In the Codex Atlanticus (f. 699b-v), between 1506 and 1508, Leonardo recalls an «ocel della commedia», the automaton of a bird appearing in a theatrical performance. This brings to mind the ancient engineer Architas of Taranto, sometimes called the "Greek Leonardo" (428 - 347 B.C.), and Villard de Honnecourt (13th century), as well as the "dove", an element in that complex pyrotechnic pageant of Renaissance origin held every Easter in Florence, in Piazza del Duomo. Other famous figures in the Florentine Renaissance were also interested in the problems of theatrical set design. Memorable, in fact, were the theatrical/technical sets designed by Brunelleschi for the churches of Santissima Annunziata, Santa Maria del Carmine and San Felice in Piazza.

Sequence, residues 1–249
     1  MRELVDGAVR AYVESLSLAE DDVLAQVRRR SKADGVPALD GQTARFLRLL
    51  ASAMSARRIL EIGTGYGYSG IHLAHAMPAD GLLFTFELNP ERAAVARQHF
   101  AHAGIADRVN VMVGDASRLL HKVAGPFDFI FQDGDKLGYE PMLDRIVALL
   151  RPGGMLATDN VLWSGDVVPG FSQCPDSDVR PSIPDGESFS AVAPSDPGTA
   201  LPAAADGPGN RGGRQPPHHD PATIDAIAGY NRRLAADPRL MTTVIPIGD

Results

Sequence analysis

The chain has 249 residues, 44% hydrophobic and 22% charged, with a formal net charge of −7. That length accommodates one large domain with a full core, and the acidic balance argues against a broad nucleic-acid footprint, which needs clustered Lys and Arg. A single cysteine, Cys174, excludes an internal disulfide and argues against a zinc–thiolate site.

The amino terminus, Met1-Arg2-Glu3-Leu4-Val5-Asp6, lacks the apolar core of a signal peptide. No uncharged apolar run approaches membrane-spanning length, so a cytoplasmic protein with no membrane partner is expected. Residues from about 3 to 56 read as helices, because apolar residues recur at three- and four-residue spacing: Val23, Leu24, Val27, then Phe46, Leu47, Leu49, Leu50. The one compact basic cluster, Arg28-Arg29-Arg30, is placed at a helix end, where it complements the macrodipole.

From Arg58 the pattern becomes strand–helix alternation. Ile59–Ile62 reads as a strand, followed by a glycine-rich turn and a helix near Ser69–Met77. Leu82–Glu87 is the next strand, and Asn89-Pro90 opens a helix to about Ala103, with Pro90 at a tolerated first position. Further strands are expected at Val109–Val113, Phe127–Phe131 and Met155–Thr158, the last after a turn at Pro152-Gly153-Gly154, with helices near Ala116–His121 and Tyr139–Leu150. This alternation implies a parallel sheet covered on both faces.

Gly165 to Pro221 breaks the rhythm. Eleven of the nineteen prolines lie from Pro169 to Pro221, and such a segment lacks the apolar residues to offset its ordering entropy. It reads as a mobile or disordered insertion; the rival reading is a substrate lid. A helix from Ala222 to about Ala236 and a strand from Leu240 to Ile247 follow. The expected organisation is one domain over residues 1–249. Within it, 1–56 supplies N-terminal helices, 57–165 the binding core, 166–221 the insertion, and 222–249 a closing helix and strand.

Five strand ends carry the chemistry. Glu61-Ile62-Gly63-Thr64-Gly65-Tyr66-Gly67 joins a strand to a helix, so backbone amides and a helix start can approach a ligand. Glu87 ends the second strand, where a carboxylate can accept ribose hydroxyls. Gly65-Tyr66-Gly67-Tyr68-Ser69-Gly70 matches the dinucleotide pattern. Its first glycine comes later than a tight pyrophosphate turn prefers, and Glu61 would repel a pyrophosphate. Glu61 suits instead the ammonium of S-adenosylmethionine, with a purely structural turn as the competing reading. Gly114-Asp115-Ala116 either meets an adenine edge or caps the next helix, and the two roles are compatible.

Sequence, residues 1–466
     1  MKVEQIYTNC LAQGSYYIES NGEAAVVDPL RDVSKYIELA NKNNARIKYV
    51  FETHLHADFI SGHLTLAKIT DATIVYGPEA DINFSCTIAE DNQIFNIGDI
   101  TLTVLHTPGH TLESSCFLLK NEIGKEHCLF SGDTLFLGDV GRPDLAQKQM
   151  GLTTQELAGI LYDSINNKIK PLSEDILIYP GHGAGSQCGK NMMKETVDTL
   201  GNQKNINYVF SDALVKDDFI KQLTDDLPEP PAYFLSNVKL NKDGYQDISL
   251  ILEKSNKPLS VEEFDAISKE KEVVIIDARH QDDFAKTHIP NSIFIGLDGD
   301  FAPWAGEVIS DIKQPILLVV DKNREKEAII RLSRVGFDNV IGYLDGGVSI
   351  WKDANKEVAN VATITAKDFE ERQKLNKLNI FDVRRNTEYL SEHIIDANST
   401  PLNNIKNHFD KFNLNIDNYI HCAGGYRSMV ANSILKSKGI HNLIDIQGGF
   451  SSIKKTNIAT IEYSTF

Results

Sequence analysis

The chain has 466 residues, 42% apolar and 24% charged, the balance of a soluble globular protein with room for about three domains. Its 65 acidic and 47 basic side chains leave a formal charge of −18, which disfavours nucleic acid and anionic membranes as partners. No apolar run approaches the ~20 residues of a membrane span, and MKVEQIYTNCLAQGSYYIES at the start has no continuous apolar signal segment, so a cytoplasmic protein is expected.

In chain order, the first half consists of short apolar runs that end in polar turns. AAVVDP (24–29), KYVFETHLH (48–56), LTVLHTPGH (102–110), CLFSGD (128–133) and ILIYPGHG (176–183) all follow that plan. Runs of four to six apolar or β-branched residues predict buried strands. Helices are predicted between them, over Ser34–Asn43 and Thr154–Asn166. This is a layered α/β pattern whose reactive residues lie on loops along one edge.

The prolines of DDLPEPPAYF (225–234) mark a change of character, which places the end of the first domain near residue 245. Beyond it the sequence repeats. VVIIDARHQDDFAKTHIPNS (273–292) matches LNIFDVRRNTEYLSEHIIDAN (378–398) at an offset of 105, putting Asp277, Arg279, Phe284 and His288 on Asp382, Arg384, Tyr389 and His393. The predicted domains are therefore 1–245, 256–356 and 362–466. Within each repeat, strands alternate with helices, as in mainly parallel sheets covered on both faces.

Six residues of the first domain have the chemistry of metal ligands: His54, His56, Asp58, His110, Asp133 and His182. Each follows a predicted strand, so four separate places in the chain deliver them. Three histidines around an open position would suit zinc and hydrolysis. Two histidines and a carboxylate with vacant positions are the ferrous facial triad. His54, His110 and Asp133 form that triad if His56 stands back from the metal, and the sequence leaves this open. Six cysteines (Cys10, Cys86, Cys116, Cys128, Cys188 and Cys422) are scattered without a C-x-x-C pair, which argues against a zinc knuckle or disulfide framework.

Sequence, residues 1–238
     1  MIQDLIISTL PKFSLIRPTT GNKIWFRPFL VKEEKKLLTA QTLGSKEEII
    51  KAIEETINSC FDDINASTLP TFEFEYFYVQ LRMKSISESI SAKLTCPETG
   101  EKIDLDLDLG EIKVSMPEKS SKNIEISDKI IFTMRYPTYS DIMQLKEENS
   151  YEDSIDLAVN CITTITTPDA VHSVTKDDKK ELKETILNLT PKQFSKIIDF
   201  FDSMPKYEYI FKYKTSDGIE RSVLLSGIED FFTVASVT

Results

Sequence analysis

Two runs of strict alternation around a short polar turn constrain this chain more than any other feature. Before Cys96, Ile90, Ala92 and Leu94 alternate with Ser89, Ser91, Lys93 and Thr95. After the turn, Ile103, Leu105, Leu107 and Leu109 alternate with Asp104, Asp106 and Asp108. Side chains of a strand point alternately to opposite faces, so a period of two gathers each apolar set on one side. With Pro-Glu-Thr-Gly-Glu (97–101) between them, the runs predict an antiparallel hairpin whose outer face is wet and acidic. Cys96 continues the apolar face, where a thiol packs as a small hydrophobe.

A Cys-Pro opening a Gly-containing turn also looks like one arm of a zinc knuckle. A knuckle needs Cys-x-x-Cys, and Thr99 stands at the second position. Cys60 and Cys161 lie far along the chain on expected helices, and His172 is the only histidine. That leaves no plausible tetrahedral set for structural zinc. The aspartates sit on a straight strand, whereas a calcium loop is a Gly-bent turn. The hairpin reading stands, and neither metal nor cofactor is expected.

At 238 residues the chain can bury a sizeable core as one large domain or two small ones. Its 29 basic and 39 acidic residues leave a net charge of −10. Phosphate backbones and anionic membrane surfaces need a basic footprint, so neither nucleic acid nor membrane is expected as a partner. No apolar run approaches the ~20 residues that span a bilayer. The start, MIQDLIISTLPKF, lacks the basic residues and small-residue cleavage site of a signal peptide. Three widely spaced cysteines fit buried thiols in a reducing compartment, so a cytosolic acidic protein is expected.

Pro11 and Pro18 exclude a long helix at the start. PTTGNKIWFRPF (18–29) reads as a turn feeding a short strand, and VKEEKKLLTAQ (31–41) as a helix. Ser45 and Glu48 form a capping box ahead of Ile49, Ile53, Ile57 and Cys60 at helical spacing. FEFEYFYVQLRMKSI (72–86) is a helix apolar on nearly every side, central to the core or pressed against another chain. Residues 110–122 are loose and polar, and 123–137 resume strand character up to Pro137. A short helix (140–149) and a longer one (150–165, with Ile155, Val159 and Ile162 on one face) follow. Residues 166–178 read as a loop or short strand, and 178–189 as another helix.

Undoubtedly, Leonardo had in mind these elaborate theatrical sets when he designed the complex mechanical devices for the staging of Bernardo Bellincioni's Paradise Festival, presented in Milan in 1490. Sophisticated mechanisms operated by counter-weights were used instead for Poliziano's Orpheus, whose stage sets included a "mountain that opens" from which emerged Pluto. The direct influence of the mandorla [almond], designed by Brunelleschi to allow an announcing angel to appear in a corner of the church of San Felice in Piazza, seems to be at the origin of the scenography for Baldassarre Taccone's Danae, mention of which is found on a folio in the Metropolitan Museum of New York, dating from around 1496.